STEEZY's web player has options for tempo and viewpoint. Photo by Sam Caudle, courtesy STEEZY

Should You Be Taking Online Dance Classes?

Dance technology has come a long way from ballet variations painstakingly learned by watching fuzzy VHS tapes. Over the last few years, a dizzying number of online training programs have cropped up, offering the chance to take class in contemporary, jazz, ballet, tap, hip hop and even ballroom from the comfort of your own living room or studio.


The Magic of Tech for Dance

Using an online dance training service has unique advantages:

  • Take class whenever, wherever. "With the rigors of performance and rehearsal schedules, pros often don't have time to attend class," says Caitlin Trainor, founder of Dancio, a ballet-focused online training platform. Do a ballet barre in your kitchen, warm up backstage before a performance or screen a master class in your studio.
  • Access to the best teachers. You don't need to travel to New York or Los Angeles to take class from your favorite teacher. Take ballet from Julie Kent with Dancio, contemporary from Kathryn McCormick via CLI Studios or tap from Anthony Morigerato with Operation: Tap.
  • The ability to self-pace. The beauty of video, says Learntodance.com founder Leon Turetsky, is that "you can pause, rewind, fast-forward and watch it as many times as you like to get it into your muscle memory." Many classes are filmed from multiple viewpoints and offer the chance to switch seamlessly from one to the next, with options to change the speed or loop the video.
  • A cornucopia of dance styles. Online programs offer access to every genre imaginable. Try a new style, brush up on a technique you haven't practiced in a while, glean some inspiration, test out pedagogical strategies or just be an absolute beginner in the privacy of your own home.

Pick the Platform That's Best for You

"Think about what your objectives are," says Trainor. "Do you want to try something new? Improve your skill level? Warm up, or simply find pleasure in moving?" Take a hard look at instructors' qualifications and artistry, too. "Don't just look for people with a lot of Instagram followers," says STEEZY co-founder Connor Lim.

Or maybe you're looking for a community more than a video archive. "The culture of tap dance is very communal," says Ayodele Casel, who co-founded Operation: Tap. "A lot of our younger users have really engaged with OPTAP, and that starts them engaging with each other."

The Key Word Is "Supplemental"

Julie Kent teaching a Dancio class. Photo courtesy Dancio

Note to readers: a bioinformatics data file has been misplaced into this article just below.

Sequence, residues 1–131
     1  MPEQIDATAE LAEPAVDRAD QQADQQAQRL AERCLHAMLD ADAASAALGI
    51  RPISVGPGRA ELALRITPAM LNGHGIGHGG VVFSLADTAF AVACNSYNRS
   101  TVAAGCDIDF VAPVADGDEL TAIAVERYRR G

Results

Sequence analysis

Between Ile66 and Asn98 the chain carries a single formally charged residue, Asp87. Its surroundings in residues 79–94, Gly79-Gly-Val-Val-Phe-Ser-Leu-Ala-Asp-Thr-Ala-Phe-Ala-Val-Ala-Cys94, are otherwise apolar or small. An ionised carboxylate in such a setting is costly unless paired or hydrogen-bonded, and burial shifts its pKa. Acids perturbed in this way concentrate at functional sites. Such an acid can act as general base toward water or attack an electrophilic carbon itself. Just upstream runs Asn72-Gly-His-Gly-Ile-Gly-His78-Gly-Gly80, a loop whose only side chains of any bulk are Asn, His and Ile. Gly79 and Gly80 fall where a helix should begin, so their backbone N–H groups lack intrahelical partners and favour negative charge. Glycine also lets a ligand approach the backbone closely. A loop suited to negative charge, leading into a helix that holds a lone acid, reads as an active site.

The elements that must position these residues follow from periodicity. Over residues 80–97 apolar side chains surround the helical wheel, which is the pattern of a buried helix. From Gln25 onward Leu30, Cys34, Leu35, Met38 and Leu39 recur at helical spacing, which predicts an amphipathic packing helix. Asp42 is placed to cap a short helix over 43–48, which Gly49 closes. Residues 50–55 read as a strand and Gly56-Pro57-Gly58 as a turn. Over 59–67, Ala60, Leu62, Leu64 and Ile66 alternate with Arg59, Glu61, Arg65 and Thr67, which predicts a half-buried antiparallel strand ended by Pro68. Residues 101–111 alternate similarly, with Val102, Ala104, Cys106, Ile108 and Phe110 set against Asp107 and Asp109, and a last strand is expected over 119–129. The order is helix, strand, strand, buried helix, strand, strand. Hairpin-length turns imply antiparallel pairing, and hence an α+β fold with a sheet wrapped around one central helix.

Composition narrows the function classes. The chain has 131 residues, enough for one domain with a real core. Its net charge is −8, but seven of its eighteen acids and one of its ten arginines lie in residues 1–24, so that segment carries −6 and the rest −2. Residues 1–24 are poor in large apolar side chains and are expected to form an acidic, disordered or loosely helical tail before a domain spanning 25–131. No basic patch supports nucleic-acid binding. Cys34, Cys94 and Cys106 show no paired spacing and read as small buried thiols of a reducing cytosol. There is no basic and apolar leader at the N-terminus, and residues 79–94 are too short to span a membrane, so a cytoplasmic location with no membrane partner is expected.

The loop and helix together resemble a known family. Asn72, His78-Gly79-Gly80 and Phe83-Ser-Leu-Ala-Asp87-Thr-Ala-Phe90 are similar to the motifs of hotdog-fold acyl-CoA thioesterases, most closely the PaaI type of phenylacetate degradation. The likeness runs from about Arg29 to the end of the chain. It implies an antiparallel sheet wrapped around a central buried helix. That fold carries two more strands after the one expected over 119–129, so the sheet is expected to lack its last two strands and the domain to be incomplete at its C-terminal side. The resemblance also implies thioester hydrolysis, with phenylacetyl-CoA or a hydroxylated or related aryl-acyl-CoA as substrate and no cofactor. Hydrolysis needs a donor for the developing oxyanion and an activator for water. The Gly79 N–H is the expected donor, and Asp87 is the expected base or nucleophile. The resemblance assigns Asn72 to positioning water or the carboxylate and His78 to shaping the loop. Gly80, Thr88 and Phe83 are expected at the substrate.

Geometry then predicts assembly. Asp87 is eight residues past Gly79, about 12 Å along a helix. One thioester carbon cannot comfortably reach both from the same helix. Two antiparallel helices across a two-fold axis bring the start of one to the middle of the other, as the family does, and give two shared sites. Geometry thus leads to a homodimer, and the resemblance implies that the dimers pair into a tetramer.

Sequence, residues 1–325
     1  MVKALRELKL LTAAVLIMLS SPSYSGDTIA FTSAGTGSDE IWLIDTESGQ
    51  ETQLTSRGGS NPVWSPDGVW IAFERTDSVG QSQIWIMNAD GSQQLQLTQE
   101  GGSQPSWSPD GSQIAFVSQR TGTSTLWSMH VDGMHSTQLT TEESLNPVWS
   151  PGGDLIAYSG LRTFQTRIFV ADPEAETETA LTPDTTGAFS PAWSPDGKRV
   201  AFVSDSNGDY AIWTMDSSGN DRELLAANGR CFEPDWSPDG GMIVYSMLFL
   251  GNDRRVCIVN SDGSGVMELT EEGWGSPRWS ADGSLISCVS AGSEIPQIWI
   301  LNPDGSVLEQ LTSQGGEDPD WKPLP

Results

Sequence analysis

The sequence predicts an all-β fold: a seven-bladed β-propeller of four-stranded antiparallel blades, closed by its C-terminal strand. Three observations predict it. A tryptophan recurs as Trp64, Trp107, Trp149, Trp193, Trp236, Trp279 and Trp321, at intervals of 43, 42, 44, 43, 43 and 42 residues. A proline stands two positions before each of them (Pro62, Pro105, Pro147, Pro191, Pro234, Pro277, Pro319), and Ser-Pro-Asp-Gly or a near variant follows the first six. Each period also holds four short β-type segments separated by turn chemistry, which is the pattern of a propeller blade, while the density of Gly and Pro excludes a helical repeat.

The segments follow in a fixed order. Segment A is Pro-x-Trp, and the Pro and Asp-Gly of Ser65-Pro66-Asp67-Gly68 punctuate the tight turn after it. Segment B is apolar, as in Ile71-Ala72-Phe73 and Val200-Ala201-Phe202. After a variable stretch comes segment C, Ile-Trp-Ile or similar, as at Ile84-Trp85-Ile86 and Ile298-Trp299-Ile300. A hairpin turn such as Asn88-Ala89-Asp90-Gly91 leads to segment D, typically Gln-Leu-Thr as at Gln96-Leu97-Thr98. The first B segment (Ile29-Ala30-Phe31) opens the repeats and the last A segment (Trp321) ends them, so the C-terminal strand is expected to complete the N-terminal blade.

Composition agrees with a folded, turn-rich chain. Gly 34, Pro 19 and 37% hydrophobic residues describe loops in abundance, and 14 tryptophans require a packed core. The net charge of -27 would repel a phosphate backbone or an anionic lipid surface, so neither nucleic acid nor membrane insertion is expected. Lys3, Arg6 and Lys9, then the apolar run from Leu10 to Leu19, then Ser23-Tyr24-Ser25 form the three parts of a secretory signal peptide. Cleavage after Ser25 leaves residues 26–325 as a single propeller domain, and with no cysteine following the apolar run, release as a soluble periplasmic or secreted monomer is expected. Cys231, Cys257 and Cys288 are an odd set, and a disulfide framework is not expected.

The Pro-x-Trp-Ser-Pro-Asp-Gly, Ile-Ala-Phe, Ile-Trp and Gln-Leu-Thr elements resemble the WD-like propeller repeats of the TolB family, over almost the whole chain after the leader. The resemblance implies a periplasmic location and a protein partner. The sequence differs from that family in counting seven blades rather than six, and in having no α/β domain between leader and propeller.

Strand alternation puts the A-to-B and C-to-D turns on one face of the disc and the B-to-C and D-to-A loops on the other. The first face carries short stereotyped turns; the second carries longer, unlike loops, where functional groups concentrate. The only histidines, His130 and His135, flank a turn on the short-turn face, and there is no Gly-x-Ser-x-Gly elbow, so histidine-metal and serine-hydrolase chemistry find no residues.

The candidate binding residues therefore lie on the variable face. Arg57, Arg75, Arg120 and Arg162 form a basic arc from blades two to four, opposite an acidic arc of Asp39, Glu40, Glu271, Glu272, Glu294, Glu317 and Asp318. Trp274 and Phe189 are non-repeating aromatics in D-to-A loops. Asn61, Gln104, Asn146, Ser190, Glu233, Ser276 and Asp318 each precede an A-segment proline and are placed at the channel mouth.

"Nothing will ever replace the chemistry and magic of the live class experience," says Trainor. As Lim points out, tactile instruction and live feedback are essential learning tools. Beginners in particular may not know if they're executing a step correctly or not. Online dance platforms are best used as a supplemental training tool: for a warm-up, during a break or when getting yourself to a live class just isn't feasible.

But don't underestimate the very real power of video, urges Casel. "I wanted to tap dance because I saw Fred Astaire and Ginger Rogers on film," she says. "It never takes the place of in-person training, but it's an incredible source of inspiration."

Latest Posts


Courtesy Esse

What It Was Like When Ruth Bader Ginsburg Was in the Audience—or Backstage

The 27 years that Ruth Bader Ginsburg spent on the U.S. Supreme Court were 27 years that she spent as one of Washington, D.C.'s most ardent, elegant and erudite supporters of the performing arts. The justice, who died on September 18 of metastatic cancer, was also an avid cultural tourist, traveling to the Santa Fe and Glimmerglass operas nearly every summer, as well as occasionally returning to catch shows in her native New York City.

Ginsburg's opera fandom was well known, but her tastes were wide-ranging. Particularly in the last 10 years of her life, after Ginsburg lost her beloved husband, Marty, it was not unusual for the petite justice and her security detail to be spotted at theaters several nights a week. She saw everything, from classic musicals to serious new plays, plus performances that defied classification, like Martha Clarke's dance drama Chéri, with Alessandra Ferri and Herman Cornejo, which toured to the Kennedy Center in 2014.

To honor Ginsburg, Dance Magazine asked three dance artists whose performances the justice attended to recall what Ginsburg meant to them.

GO DEEPER SHOW LESS